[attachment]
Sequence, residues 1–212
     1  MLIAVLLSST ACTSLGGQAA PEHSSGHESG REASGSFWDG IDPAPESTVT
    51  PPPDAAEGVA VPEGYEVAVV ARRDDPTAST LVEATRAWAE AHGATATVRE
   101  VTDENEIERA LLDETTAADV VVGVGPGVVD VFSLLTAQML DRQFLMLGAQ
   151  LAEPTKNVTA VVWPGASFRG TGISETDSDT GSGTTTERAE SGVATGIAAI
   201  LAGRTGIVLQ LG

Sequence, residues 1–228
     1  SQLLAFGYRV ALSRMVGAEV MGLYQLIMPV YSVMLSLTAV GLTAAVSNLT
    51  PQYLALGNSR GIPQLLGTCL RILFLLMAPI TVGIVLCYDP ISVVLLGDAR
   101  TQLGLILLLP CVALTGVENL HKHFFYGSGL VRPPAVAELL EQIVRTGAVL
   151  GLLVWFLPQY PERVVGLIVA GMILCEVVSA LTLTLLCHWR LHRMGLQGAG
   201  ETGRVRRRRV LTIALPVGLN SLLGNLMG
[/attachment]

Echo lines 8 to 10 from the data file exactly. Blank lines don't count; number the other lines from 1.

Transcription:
     1  SQLLAFGYRV ALSRMVGAEV MGLYQLIMPV YSVMLSLTAV GLTAAVSNLT
    51  PQYLALGNSR GIPQLLGTCL RILFLLMAPI TVGIVLCYDP ISVVLLGDAR
   101  TQLGLILLLP CVALTGVENL HKHFFYGSGL VRPPAVAELL EQIVRTGAVL